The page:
So $F_n$ is continuous and so is $G_n$. The remaining integral in $(2.5)$ is $G_n(a)$, so we have: $$F_n(a) - F_n(a_0) = G_{n-1}(a) - G_{n-1}(a_0) + (a - a_0) G_n(a)$$ Dividing by $(a - a_0)$ and taking the limit $a \rightarrow a_0$ gives us $F'_{n}$: $$F'_n(a_0) = \lim_{z \rightarrow a} \paren{\frac{G_{n-1}(a) - G_{n-1}(a_0)}{a - a_0} + G_n(a)}$$ or since limit is invariant with sum: $$= \lim_{z \rightarrow a} \paren{\frac{G_{n-1}(a) - G_{n-1}(a_0)}{a - a_0}} + \lim_{z \rightarrow a} G_n(a)$$ The first limit is $G'_{n-1}(a_0)$ and by hypothesis equal to $(n-1) G_n(a_0)$. Since $G_n(a)$ is continuous, it equal $G_n(a_0)$ as $a \rightarrow a_0$: $$= (n - 1) G_n(a_0) + G_n(a_0) = n G_n(a_0)$$ Finally, we have that $G_{n}(a_0) = F_{n+1}(a_0)$, so: $$F'_n(a_0) = n F_{n+1}(a_0)$$

We note that we can write $(1)$ as:

\[f(a) =\frac{1}{2\pi i} F_1(a)\]We can now use *Lemma 2* to compute the $n$-th derivative of $f(a)$:

**Lemma 3.** Let $f(z)$ be a holomorphic in $\Delta$ and let $\gamma$ a closed curve in $\Delta$, and $a$ such that $n(\gamma, a) = 1$. Then

Summarizing, *Lemma 2* proves that line integrals are infinitely differentiable and *Lemma 1* allows us to express a holomorphic function $f$ at any point $a$ as a function of a line integral. Combining both gives us that a function $f$ is also infinitely differentiable.

Suppose $f(z)$ is holomorphic in a region $\Omega$ and $a \in \Omega$. Since $\Omega$ is open, we can always find an open disk $\Delta$ as a neighborhood of $a$, $\abs{z - a} \lt \delta$, and inside it a circle $C$ containing $a$. Since a circle winds exactly once around points on its interior, $n(C, a) = 1$.

In these conditions we can apply *Lemma 3* and thus conclude that $f(a)$ is infinitely differentiable. For each $a$ on the domain of $f$, we can always choose a suitable $C$, so this leads us to the following high-level corollary:

**Corollary 4.** Holomorphic functions are infinitely differentiable.

Another consequence is that if $f(a)$ is the derivartive of a holomorphic function, then $f(a)$ itself is holomorphic. Let’s revisit *Corollary 1* in *Cauchy Integral Theorem* [2]:

Let $f(z)$ be a function defined in $\Omega$. Then $\int_\gamma f(z)dz = 0$ if and only if $f$ is the derivative of some holomorphic function $F$ in $\Omega$.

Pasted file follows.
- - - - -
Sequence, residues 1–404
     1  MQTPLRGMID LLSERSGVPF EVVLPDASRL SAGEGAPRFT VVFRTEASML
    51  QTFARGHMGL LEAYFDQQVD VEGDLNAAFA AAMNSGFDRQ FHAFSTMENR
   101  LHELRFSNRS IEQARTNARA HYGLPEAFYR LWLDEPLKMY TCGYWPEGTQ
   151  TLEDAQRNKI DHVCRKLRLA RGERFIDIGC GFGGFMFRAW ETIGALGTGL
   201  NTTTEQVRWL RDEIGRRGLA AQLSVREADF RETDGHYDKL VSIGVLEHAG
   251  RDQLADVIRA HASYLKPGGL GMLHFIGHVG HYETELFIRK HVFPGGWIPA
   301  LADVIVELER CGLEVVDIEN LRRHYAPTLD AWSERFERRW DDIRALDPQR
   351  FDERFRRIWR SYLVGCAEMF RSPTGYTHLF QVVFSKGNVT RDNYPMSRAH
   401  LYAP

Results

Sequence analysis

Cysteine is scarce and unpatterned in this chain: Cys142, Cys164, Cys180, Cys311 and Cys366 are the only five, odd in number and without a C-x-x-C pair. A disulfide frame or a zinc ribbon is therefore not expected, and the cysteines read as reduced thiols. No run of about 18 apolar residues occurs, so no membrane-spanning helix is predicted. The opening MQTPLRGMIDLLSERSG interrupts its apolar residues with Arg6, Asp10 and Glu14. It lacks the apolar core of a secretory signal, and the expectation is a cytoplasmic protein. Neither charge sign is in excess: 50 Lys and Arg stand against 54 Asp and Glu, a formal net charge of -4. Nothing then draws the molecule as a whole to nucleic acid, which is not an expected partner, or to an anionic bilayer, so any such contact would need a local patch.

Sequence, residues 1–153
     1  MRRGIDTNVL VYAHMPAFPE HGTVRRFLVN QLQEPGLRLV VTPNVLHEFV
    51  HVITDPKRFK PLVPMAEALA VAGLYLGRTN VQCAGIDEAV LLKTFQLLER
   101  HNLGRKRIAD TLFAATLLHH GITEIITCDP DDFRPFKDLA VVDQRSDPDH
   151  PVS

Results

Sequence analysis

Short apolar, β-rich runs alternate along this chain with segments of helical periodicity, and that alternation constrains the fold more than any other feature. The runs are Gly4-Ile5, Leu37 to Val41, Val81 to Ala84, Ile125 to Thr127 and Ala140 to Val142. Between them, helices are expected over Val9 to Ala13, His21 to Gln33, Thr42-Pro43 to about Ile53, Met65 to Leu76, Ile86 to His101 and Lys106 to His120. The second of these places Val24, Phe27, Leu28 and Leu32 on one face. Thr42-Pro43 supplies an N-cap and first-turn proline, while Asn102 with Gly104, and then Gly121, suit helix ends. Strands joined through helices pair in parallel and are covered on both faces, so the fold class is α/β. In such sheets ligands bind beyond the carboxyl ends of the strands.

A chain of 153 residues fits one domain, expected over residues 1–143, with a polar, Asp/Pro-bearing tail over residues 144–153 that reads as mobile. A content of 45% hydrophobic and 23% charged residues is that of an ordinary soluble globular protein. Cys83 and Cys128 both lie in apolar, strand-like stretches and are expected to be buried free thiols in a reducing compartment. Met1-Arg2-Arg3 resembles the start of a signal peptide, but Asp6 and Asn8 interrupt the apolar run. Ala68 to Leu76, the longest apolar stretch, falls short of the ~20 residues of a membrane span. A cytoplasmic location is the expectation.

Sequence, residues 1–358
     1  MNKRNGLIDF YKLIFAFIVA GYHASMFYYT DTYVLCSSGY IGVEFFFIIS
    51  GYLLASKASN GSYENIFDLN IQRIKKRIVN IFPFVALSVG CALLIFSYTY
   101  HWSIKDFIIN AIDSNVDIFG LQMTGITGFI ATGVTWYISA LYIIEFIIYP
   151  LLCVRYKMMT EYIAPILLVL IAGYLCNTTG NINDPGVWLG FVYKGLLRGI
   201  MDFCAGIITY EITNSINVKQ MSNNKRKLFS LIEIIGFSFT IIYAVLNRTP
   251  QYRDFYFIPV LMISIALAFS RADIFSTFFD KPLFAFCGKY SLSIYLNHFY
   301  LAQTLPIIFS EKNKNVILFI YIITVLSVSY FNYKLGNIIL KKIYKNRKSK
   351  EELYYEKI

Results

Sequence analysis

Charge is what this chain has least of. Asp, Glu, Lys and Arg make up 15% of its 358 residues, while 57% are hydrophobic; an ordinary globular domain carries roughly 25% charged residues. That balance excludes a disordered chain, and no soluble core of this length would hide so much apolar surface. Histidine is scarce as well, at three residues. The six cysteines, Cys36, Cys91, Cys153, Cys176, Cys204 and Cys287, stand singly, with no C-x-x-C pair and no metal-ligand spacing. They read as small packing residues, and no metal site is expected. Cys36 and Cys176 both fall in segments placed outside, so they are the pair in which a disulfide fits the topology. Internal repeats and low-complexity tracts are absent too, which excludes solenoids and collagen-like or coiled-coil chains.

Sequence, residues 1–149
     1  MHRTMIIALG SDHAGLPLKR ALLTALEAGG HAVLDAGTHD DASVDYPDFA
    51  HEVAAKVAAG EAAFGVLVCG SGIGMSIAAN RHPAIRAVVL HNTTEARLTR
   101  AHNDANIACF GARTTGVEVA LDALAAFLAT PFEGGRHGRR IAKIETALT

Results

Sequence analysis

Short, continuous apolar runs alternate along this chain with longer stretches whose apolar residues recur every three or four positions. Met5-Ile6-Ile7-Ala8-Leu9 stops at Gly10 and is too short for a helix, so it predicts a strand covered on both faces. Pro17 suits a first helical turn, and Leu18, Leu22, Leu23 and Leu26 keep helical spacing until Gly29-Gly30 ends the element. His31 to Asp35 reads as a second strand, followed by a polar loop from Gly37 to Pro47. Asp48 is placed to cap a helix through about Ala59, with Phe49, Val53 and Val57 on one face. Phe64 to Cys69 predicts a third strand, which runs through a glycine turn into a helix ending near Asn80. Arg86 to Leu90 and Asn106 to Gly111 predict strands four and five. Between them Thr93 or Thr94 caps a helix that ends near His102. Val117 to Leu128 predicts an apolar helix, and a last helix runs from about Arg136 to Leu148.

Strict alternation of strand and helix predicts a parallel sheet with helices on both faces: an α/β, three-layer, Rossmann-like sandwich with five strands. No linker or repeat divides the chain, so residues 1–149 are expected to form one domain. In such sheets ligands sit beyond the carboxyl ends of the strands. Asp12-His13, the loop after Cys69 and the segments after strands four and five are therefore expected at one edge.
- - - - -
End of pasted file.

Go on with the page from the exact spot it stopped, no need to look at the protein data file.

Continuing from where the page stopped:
So one direction says that if $\int_\gamma f(z)dz = 0$ then $f$ is the derivative of a holomorphic function. But now we know $f$ is also holomorphic. This leads to a famous result:

**Theorem 5 (Morera’s theorem)** If $f(z)$ is defined and continuous in a region $\Omega$, and $\int_\gamma f(z)dz = 0$ for any closed cuver $\gamma$, then $f(z)$ is holomorphic.

Suppose $f(z)$ is holomorphic and bounded. We can then obtain an upperbound for $\abs{f^{(n)}(a)}$ via *Cauchy’s Estimate*.

**Lemma 6 (Cauchy’s Estimate).** Let $f(z)$ be holomorphic and bounded by a finite $M$ in a region $\Omega$ (i.e. , $\abs{f(z)} \le M$ for all $z \in \Omega$). Let $C$ be a circle of radius $r$ centered in $a$ ($C$ is inside $\Omega$). Then:

We can use this result to prove another famous result, *Liouville’s Theorem*:

**Theorem 7 (Liouville’s Theorem).** If $f(z)$ is holomorphic and bounded on the whole plane, then it’s a constant function.

Liouville’s Theorem can on its turn be used to prove the *Fundamental Theorem of Algebra*.

**Theorem 8 (Fundamental Theorem of Algebra).** If $P(z)$ is a single-variable polynomial of complex coefficients and degree greater than 0, then it has at least one complex root.

$1/P(z)$ is also bounded since besides having $P(z) \ne 0$, as $z \rightarrow \infty$, $1/P(z)$ tends to 0. Thus, according to Liouville's Theorem, $1/P(z)$ must be a constant function, and so is $P(z)$, implying it has degree 0, a contradiction.

We derived Cauchy’s integral formula from Cauchy’s integral theorem applied to the rate of change of $f(z)$, which we called $F(z)$.

We also simplified our lives by only considering cases where $n(\gamma, a) = 1$ to get rid of this factor. It turns out not to be a big problem: we can choose our closed curve to have that property and still get Morera’s and Liouville’s theorems.

To make sure we could build on top of results from previous posts, we had to make sure to look at a neighborhood of each point $a$ (by choosing the circle $C$), small enough to guarantee for example that $f(z)$ is holomorphic there. In this sense, these properties we have proved, such as that holomorphic functions are infinitely differentiable, are “local” properties.

Finally, none of the famous results (*Theorems 5, 7, 8*) made full use of *Lemma 3*. *Morera’s theorem* only used the fact that the derivative of a holomorphic function is holomorphic and *Liouville’s theorem* only used it for $n = 1$. Fuller use of *Lemma 3* will be left for future posts.